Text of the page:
Wednesday, February 24, 2016

A review of the Power of Broke, and how money can get in the way

One of the things I like to do is to get on the hold lists at our library for the latest books. I have a weird penchant for business books - I'm not sure why - but I often find that principles of successful business also apply to managing other areas of your life.

A couple of months ago my husband and I were in a Barnes and Noble and I came across Daymond John's The Power of Broke: How Empty Pockets, a Tight Budget, and a Hunger for Success Can Be Your Greatest Advantage. I quickly looked it up when I got home and found that our library had just ordered it, even before it had been released on Amazon, and a couple of weeks later it was in my hands.

What I loved about this book was that it challenged the notion that money will always improve your situation. I think we can all think of a few things we could do with extra money, but John's premise is that in some situations, money can only amplify or hide problems that you already have. If you don't watch that much television, he is one of the "sharks" on Shark Tank, a show about investors who hear entrepreneur's pitches for their businesses. He gets asked for money all the time, and talks in the book about why he's turned down some businesses requests because he feels like money would only make it worse for them.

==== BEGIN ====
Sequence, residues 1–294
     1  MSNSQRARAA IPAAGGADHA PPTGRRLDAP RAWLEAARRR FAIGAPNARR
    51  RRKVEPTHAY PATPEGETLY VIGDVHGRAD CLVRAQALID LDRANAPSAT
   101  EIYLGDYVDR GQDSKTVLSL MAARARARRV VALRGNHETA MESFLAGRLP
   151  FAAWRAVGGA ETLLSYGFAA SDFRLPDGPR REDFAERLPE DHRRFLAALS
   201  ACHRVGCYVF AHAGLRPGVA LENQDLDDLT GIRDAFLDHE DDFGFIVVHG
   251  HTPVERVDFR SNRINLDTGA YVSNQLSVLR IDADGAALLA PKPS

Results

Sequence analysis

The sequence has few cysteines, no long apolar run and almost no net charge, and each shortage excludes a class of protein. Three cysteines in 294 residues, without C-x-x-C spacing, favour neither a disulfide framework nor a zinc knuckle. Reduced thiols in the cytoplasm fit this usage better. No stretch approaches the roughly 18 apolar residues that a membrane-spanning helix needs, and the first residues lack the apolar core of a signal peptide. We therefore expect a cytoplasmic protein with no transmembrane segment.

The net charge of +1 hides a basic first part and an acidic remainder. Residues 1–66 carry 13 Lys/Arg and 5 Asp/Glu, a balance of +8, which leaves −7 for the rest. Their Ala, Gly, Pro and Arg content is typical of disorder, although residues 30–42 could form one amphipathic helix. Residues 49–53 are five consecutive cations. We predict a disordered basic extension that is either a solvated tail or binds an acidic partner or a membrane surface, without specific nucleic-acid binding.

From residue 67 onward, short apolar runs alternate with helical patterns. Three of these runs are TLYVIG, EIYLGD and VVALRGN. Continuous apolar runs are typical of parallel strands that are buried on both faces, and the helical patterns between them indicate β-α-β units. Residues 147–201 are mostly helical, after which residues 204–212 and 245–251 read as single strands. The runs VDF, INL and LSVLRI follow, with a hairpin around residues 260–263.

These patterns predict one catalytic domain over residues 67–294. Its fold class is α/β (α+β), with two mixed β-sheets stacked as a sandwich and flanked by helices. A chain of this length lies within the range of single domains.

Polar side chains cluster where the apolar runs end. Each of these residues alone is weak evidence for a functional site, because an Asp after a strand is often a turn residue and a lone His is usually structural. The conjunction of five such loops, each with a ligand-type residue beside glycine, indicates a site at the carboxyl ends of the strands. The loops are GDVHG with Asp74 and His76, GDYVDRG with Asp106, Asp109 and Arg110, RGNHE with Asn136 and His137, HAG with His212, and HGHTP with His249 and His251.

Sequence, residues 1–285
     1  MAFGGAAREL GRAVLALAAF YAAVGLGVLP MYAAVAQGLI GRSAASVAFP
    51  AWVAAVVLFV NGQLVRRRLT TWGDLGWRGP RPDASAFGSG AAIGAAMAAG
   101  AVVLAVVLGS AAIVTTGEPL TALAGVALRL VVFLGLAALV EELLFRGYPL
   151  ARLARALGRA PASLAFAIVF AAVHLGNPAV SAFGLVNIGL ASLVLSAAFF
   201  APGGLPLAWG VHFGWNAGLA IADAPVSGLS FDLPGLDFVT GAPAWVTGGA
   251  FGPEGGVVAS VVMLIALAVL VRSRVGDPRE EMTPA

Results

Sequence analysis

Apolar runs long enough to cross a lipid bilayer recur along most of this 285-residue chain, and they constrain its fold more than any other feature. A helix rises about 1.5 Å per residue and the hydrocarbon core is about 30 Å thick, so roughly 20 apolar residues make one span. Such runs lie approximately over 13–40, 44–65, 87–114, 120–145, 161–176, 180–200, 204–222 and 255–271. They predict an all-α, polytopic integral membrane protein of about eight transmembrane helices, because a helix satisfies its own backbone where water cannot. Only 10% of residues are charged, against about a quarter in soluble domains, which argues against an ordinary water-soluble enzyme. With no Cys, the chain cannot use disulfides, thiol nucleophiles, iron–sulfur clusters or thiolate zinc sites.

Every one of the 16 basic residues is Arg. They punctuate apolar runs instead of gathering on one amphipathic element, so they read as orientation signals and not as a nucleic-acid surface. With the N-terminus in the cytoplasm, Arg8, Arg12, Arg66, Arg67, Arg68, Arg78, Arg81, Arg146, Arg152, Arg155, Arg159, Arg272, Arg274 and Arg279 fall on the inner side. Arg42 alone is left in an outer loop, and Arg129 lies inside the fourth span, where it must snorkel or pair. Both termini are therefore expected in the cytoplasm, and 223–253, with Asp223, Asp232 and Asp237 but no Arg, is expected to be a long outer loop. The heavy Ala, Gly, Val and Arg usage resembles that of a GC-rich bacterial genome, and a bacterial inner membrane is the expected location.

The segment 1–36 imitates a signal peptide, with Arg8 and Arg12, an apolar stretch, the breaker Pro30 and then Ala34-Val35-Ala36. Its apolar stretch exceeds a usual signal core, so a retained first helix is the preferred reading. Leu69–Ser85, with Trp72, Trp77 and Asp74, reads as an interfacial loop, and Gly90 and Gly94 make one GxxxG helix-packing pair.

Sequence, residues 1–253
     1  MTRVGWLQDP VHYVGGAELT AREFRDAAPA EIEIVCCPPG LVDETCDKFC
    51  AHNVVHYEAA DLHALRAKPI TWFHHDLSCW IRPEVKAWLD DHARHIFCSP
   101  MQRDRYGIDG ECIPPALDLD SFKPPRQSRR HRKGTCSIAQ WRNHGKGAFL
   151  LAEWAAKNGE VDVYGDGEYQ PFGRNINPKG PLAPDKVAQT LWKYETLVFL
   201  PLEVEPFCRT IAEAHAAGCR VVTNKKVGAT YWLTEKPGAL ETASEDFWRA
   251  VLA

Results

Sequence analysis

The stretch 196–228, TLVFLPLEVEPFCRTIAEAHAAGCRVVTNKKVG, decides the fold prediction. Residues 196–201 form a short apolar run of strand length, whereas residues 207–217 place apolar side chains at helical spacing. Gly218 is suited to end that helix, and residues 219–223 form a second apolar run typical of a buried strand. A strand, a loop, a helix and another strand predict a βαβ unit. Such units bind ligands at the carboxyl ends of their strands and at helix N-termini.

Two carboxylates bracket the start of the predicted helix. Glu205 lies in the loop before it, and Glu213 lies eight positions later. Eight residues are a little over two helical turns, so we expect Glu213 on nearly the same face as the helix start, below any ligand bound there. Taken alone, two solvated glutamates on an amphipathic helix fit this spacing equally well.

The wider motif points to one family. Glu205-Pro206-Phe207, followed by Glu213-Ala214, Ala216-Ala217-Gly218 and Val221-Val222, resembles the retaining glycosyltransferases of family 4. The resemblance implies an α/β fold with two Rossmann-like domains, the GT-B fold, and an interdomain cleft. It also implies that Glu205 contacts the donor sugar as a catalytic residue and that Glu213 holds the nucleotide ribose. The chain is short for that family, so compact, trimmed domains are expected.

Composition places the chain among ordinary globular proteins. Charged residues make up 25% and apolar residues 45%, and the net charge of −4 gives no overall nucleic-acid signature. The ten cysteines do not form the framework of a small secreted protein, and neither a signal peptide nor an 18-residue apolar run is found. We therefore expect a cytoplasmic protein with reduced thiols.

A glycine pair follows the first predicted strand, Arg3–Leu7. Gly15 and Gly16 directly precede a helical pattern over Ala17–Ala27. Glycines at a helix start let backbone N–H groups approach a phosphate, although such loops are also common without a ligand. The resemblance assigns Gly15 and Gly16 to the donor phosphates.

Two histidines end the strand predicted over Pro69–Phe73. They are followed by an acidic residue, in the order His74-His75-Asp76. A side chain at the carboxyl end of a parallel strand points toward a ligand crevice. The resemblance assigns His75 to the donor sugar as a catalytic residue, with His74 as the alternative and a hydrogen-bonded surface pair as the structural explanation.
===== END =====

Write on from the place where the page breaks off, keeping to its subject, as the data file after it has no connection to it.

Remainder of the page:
Another thing I enjoyed was the many stories he shared of different entrepreneurs who had to go through the "broke" phase, and how critical it was to making them who they are today. It made me reflect on what lessons I need to learn as we are in our own "broke" stage, and how I want to be stronger and more efficient now so that when we do pay off our debt, we will be able to use our freed-up money more wisely.

For me, I can definitely think of some ways that having less money has made me a stronger person:

  • I manage our food dollars much more efficiently.
  • I have lowered our utilities usage to save money.
  • I have improved my sewing, gardening, and building skills to make more things myself.
  • Our kids are content with less because they've never had more.
  • Our lives are slower because we can't afford all of the extra-curricular activities.

What about you? How has being broke or financially-strapped made you a stronger person? I'd love to hear the lessons you have learned below.

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